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What’s up, Contenders? Terry Malloy here reporting live from the Waterfront.
Cannon Fodder is an ongoing column that will re/visit the entire canon (ahem) of feature films produced by Cannon Films. Launching some of the biggest action careers in film history, such as Chuck Norris, Dolph Lundgren, and Jean-Claude Van Damme, Cannon Films were the ultimate purveyors of mid-budget cheese throughout much of the 1970s and 1980s. Cannon Fodder will explore the entire filmography of this storied production company (in no particular order) and will do its best to prepare AICN readers for the upcoming release of Mark Hartley’s definitive Cannon Films Documentary; Electric Boogaloo: The Wild, Untold Story of Cannon Films.
Although Cannon Films was not run for the entirety of its existence by Israeli cousins Menahem Golan and Yorum Globus, they are the power players that gambled big and eventually lost big with this prolific production house. Each edition of Cannon Fodder will briefly explore what level of involvement the loveable cousins had in each film. Because there are several dozen titles in the Cannon Canon, each installment of this column will cover multiple titles.
I’m sorry it has been so long since the last Cannon Fodder entry. Times have been quite busy for me lately and that is great for my pieces o’ eight, but bad for my free time. The idea with this entry went something like this: Hey, October is coming up, I’ll cover some Cannon horror films. Then Halloween came and went and I still hadn’t had a moment to write up the films I actually did watch before good old All Hallow’s Eve. But there is no way that I could bypass talking about either of these films, so I’m bringing you a little post-Halloween horror action from Cannon Films!
NEXT CANNON FODDER ENTRIES: I’m going to cover THE APPLE and RAPPIN’ before I get too far away from the similarly musical BREAKIN’ and BREAKIN’ 2: ELECTRIC BOOGALOO entries from Cannon Fodder a couple months back. I’d like to crank out a Cannon Fodder entry every week to two weeks until the entire Cannon Catalog has its moment in the sun. But that all depends on my work schedule. Regardless, I’m going to keep cranking these out at whatever pace circumstances allow.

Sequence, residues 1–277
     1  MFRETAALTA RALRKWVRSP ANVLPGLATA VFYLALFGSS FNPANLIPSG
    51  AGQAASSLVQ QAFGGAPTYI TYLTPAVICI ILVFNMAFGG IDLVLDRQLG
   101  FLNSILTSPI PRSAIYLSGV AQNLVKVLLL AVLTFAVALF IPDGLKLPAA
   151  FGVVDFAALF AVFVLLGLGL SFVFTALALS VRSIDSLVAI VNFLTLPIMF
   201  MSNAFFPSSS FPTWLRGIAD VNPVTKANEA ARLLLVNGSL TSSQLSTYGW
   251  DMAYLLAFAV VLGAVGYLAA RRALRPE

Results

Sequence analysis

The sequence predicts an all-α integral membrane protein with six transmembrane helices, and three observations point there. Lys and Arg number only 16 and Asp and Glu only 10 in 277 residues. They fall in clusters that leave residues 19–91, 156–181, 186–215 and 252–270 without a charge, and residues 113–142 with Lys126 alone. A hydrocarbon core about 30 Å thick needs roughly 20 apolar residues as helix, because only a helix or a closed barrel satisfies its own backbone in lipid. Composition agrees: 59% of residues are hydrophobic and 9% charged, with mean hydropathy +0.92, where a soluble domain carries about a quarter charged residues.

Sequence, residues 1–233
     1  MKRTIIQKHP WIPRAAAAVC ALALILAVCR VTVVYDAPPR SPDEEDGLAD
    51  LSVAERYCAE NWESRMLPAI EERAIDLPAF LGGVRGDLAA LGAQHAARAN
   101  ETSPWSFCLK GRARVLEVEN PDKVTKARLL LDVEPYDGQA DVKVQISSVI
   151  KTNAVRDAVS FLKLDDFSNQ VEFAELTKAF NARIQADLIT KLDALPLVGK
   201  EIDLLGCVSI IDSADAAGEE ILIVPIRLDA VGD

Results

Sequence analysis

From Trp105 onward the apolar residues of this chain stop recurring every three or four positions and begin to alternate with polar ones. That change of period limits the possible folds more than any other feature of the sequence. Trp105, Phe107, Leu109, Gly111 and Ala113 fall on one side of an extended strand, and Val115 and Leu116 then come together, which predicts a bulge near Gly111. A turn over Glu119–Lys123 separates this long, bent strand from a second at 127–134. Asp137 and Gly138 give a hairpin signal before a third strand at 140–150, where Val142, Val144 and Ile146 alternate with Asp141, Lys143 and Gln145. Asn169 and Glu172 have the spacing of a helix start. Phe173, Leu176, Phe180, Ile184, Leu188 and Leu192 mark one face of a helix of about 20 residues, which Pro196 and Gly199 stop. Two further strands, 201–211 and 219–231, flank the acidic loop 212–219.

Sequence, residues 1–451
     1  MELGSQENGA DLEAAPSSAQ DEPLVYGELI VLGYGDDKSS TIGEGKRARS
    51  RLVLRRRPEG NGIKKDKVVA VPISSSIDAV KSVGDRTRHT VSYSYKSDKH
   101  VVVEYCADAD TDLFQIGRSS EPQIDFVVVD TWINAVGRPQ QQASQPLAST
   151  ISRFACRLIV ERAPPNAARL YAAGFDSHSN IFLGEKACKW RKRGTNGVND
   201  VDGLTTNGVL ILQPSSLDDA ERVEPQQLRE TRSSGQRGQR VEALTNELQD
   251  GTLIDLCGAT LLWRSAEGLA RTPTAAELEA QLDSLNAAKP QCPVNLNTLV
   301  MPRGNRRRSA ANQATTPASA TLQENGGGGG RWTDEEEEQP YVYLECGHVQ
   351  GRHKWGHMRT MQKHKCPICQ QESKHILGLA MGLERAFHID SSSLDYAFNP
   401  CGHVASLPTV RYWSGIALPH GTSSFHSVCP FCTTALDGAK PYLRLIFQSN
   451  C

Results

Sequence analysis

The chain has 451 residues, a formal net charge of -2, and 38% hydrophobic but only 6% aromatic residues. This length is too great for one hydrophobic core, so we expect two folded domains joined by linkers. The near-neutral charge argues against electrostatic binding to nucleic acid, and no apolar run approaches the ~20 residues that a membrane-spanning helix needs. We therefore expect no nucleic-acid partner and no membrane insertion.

UPDATE: Even since I wrote the bulk of this article, another chunk of time has passed. Bummer, I know. But interestingly, the movie marketing machine has cranked out a new and terrible TEXAS CHAINSAW film and has made the timing of this article relevant again! I guess good things come to those who wait?
I haven’t refined my system of what exactly constitutes a Cannon Film just yet. And actually writing this column has reminded me of the often complex nature of film distribution. As I write and research and seek out different titles, I realize that THE COMPANY OF WOLVES is very clearly a film conceived of, shot by, and starring mostly talent from the United Kingdom. And as such it probably stretches the boundaries of the Cannon Canon. But the film was definitely distributed by Cannon for it’s theatrical run in the United States. So for the purposes of covering a couple of horror films, I am bringing the movie into the Cannon fold.
I had never even heard of this film until this year, and upon hearing about it I instantly needed to see it. Neil Jordan directed a werewolf movie? And the poster artwork looked like this:
In the early 1980s Neil Jordan partnered up with writer Angela Carter to adapt her short stories into a feature film. They figured out that they could make a feature work out of her collection of short stories by making the film itself a bit of a tale within a tale. We begin in the modern English countryside where a wealthy family resides near a wood. The eldest daughter tries to wake the youngest by teasing and taunting her. But the younger daughter, Rosaleen (Sarah Patterson), retreats ever deeper into a frenzied sleep and we then enter into her dreams of a fairy tale forest just outside her window.
Once inside Rosaleen’s dream, the film is set in more of a fairy tale world, with Rosaleen acting as our Little Red Riding Hood and Angela Lansbury playing Granny. Within this fairy tale world, Granny becomes the story teller and we are treated to a couple of wolf stories within that world as well.